TBA: Half Straddle’s Ghost Rings

In Ghost Rings, which opened Wednesday evening in the TBA Festival and repeats Thursday, Sept. 14, in Lincoln Performance Hall, Tina Satter, Erin Markey, Jo Lampert, and Chris Giarmo of the Obie-winning Brooklyn troupe Half Straddle take the stage clad in sparkles, lamé, Spandex, and the bright synthetic fabric of ’80s hair bands and pop stars. The lights and rigging are generous and close-in, giving it the feel of a life-size diorama of a rock show.

Artistic director Satter makes two announcements as the music and the show start revving up:

  • First, she’s been making plays about her sister for eight years.
  • Second, Ghost Rings are a candy that she made up a really long time ago, in “2009, do the math.”

We’re left to imagine what they might be until a later reference to light, sugary, purple candy rings brings their image into focus. They’re the namesake of the show, and an artifact of the glittery, mythical world built by Satter and her characters through epic rock ballads and conversations with “internal spirit beings,” but they’re never shown to the audience. We’re told that they exist, and brought into a world where they are obviously real things, and our imaginations are insistently tugged along, like a child leading us by the hand to a fort they’ve built.

The show never waits for us to catch up. The defiantly self-important, improvisational world-spinning of co-imagining children is somehow perfectly fit into the mythos of rock and roll and presented in the format of contemporary performance art. By the time Markey and Lampert announce their characters, Stephanie and Shawna, it’s clear that the dreamy world where they live, which includes places like the Haunted Canoe, is vast and private and full of wonders and perils.

Half Straddle’s “Ghost Rings.” Photo courtesy PICA

At one point, Satter tells us that as children, when she and her sister imagined themselves as adults, they imagined living in neighboring, corner apartments, raising their children together. Their children would be best friends. Husbands were not involved. Like the Ghost Rings, the rest of what she gradually tells us about her sister does’t give us a description of her presence, or their relationship. Rather it just declares things about her, placing her at the center of this world that’s being built on stage, but proving her deep absence as well. Her presence in absentia cuts through the many shifting layers of mythology and private language.

The show careens through monologues by Satter, skits between Shawna and Stephanie, and full-on rock numbers. All the performers are tremendously talented, and they have real chemistry as a band. Markey’s powerful voice and elastic expressions range from goofy to deeply sincere. Lampert’s more sultry crooning is an excellent companion to Markey’s falsetto. Giarmo mostly supports on keyboards, but seems to be having a great time and definitely holds his own the couple of times he takes center stage. While certainly a full member of the band, Satter holds herself apart by being able to speak as herself, out of character. She’s an excellent singer and performer like the rest of them, but her admittedly amateurish drums put the sound a little closer in tone to the childhood band she and her sister played in. They had two songs. One was about cats. They played pieces of wood instead of instruments.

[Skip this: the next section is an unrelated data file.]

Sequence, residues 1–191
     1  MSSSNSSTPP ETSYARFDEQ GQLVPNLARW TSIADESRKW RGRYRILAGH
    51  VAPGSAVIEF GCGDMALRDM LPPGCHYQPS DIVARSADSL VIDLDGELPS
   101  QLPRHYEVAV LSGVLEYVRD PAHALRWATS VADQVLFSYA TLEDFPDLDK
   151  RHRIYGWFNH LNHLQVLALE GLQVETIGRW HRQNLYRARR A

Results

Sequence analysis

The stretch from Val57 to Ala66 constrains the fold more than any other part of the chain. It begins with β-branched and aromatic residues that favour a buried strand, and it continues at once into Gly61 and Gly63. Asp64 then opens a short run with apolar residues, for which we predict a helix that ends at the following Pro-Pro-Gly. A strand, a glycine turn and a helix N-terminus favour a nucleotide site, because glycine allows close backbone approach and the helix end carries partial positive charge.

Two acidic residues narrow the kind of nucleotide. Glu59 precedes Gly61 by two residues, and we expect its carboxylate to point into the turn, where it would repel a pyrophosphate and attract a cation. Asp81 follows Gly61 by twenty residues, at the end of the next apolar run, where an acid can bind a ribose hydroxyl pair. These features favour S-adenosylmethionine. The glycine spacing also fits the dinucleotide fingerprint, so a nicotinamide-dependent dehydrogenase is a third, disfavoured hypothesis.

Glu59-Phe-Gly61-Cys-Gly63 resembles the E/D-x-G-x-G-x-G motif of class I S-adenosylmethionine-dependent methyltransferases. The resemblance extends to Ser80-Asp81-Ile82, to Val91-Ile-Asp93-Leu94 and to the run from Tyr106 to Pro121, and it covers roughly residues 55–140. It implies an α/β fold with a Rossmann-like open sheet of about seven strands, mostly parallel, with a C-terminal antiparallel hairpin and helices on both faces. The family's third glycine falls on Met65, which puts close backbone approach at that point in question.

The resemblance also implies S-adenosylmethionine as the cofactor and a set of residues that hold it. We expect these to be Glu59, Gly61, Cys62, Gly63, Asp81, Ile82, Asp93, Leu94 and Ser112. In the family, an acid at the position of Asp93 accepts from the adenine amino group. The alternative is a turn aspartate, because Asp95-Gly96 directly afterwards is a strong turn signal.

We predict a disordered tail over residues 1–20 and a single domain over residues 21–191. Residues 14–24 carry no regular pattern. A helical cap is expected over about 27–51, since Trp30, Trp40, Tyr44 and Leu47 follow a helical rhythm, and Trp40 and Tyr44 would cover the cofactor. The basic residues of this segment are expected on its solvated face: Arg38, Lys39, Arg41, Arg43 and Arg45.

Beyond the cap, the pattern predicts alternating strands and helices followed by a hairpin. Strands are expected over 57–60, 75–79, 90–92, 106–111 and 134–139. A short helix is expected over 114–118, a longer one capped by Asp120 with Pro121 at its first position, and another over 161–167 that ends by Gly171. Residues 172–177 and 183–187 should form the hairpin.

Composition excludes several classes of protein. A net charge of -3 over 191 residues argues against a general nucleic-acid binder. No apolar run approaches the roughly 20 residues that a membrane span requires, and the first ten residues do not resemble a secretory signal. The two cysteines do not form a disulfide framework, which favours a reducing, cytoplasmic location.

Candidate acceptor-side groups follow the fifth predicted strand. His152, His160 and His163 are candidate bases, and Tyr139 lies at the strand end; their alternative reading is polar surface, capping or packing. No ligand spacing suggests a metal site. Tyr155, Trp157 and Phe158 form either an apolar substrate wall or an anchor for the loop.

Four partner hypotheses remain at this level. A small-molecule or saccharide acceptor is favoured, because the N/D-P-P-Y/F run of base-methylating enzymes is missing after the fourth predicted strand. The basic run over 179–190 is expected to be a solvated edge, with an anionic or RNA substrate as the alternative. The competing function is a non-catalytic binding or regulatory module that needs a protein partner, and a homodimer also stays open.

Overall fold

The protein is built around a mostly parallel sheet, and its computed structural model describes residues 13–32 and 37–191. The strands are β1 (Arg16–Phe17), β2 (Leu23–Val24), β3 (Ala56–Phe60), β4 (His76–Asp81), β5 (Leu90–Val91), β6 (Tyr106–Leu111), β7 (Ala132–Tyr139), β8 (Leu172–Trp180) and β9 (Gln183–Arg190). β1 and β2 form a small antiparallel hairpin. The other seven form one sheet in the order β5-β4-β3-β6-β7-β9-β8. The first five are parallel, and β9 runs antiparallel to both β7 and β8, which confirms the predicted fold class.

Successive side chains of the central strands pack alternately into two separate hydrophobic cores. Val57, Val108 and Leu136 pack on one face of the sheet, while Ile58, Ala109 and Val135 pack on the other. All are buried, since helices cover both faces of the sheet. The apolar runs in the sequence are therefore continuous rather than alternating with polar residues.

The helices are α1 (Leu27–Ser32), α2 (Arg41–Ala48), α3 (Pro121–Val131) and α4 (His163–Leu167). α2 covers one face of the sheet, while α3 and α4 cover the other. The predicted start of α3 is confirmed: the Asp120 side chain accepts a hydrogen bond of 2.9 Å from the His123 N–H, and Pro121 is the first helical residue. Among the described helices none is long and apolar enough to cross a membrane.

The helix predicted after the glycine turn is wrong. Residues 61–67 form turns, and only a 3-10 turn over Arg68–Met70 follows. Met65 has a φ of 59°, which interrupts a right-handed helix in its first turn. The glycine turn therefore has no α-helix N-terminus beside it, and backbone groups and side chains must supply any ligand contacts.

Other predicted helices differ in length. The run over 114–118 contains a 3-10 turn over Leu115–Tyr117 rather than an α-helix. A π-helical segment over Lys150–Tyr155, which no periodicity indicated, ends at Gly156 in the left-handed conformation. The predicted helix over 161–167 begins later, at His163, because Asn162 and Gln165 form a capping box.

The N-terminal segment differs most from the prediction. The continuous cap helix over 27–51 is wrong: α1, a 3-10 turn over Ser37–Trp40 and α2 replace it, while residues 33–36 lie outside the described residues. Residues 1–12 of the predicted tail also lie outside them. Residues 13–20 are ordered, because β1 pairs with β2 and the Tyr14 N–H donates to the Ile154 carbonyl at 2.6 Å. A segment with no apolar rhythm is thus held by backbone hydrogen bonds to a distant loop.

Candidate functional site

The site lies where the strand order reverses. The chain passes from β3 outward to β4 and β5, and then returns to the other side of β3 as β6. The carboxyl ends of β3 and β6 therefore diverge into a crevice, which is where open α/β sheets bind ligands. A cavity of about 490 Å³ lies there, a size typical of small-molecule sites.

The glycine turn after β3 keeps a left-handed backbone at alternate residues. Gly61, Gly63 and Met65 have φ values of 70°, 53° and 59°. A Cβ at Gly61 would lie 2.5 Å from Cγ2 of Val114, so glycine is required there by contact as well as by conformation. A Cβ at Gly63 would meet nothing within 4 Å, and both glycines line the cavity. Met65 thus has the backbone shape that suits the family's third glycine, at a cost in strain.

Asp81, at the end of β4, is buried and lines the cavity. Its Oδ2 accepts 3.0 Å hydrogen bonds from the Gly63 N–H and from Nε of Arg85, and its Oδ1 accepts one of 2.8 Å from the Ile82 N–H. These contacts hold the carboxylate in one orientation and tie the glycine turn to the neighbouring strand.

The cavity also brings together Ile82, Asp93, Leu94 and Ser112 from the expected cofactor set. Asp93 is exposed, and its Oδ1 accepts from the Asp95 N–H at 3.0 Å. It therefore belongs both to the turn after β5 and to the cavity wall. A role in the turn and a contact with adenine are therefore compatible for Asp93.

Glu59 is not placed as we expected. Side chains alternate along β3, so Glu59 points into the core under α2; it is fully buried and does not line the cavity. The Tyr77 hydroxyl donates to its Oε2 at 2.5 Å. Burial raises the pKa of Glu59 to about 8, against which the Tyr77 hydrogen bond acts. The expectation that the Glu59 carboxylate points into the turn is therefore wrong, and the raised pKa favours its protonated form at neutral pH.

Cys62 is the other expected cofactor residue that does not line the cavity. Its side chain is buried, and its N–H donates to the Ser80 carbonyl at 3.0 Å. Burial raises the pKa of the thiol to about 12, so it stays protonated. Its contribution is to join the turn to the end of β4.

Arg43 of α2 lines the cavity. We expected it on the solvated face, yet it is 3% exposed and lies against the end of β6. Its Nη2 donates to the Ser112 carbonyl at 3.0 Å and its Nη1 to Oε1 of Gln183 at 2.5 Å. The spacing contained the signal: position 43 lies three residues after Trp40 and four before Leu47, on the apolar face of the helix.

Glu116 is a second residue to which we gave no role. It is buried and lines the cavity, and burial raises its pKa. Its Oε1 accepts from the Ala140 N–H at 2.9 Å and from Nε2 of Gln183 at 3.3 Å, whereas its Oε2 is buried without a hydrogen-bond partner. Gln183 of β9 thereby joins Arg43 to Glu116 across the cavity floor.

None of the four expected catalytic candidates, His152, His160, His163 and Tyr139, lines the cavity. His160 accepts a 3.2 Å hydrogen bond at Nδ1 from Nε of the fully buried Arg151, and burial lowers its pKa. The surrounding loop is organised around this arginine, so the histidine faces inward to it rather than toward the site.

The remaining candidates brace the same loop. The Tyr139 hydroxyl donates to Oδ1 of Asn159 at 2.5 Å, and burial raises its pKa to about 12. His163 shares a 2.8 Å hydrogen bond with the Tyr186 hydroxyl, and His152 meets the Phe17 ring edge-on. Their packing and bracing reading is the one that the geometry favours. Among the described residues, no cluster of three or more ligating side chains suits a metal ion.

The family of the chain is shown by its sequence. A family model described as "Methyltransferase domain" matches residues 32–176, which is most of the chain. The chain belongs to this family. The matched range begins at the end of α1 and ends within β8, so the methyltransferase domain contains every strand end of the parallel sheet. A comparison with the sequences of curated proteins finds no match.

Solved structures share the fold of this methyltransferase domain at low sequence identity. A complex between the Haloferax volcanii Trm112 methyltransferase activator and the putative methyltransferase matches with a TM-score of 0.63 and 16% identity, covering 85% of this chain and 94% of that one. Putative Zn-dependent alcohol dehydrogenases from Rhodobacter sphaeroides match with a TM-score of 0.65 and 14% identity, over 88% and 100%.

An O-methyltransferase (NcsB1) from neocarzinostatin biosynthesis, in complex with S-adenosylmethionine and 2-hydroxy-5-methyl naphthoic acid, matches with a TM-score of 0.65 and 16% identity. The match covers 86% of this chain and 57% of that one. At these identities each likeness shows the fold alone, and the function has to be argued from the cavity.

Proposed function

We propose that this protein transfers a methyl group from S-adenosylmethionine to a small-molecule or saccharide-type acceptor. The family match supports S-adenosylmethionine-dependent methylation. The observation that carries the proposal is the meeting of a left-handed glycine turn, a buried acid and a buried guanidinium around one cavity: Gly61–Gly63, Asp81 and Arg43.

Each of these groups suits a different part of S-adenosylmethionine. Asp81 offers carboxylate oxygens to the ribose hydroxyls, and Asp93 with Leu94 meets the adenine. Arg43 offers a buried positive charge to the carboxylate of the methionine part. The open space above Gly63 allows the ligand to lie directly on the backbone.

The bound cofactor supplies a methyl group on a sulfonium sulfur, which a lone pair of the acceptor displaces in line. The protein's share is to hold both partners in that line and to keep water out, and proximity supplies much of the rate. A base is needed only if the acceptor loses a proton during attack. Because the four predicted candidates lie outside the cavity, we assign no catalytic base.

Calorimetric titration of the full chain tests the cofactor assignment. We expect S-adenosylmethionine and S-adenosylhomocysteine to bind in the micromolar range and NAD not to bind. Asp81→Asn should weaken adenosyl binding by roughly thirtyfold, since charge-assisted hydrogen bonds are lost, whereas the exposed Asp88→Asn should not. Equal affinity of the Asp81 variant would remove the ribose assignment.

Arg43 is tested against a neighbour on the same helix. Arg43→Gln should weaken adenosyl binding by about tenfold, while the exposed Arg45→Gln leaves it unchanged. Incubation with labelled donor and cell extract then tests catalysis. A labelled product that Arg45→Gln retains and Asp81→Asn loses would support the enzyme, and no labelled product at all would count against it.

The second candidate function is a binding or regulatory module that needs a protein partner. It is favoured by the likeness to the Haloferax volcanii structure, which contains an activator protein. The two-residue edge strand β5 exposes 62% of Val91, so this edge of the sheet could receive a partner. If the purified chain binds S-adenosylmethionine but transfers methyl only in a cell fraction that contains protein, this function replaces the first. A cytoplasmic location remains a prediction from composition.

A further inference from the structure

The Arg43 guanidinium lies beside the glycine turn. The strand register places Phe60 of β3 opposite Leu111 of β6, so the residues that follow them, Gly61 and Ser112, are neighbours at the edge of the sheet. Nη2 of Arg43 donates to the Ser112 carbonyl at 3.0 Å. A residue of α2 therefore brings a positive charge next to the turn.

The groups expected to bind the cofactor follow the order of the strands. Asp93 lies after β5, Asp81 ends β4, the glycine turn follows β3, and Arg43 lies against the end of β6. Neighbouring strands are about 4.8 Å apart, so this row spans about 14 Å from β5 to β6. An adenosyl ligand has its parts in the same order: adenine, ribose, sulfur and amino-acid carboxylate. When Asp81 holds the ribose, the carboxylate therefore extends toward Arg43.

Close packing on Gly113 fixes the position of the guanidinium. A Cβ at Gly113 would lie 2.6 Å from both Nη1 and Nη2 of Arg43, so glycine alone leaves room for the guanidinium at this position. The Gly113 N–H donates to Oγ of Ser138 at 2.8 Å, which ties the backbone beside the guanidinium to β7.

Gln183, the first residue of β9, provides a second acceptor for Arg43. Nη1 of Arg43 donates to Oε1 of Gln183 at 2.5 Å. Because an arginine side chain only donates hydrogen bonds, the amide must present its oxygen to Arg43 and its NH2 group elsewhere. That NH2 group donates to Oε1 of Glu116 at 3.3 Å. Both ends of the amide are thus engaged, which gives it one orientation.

Stephanie and Shawna’s relationship is the center of gravity for the semi-fantastic world they inhabit. They each have an Internal Spirit Being. Stephanie has Sealy, a seal puppet that looks both bashful and very haughty, and Shawna has Deer, a glittery deer made of transparent plastic. Deer can move her head, and flick her tail, while Sealy’s most expressive gesture is to sink his head further down into his neck, like hiding in a turtleneck. Amid the adventuring and singing, a conflict emerges when Shawna explains that she’s having a baby, and she “set an intention” so it will be Stephanie’s baby. “This is a really big deal.” Stephanie replies to each announcement, as the lights go down, with a simple “What?” Each subsequent “what” gets much funnier and heavier with meaning than the last.

A deep rift grows between Stephanie and Shawna, though they still inhabit their private world together. Sealy and Deer just make things worse, giving voice to their companions’ internal critics. At the same time, we learn more about Satter’s sister. Snippets of interactions paint a picture of an erratic person who is probably not doing very well. The story of how her sister showed up for a rehearsal of one of Satter’s pieces just to use the wifi and slowly realized that the show was about her was a moment that solidified the pained sense of how they were still close yet divided by a terrible distance. The most affecting vignette of their complex orbit was Satter’s story of returning to the library in her hometown. She found the couch where her sister often slept and curled up in the “imprint of her sister’s life.” The librarian woke her by calling her sister’s name; yet another time they were confused for each other.

After a lot of literal song and dance, Shawna and Stephanie repeat their conversation about Shawna’s impending baby (played by a stuffed panda). Stephanie replies with honesty, and understanding, and encouragement this time. From behind the drums, Satter watched this conversation intently. It became clear that Stephanie’s big crime was not playing along, not saying “yes” to her best friend’s fantasy, while still expecting to live in their shared fantasy world.

The mixed, shifting layers of myth and format gave the show a charm and a depth beyond what just a rock show, a play, or a spoken word performance could achieve. Some things you can’t just say out loud. Some things you have to say through an internal spirit being, or through a rock song.

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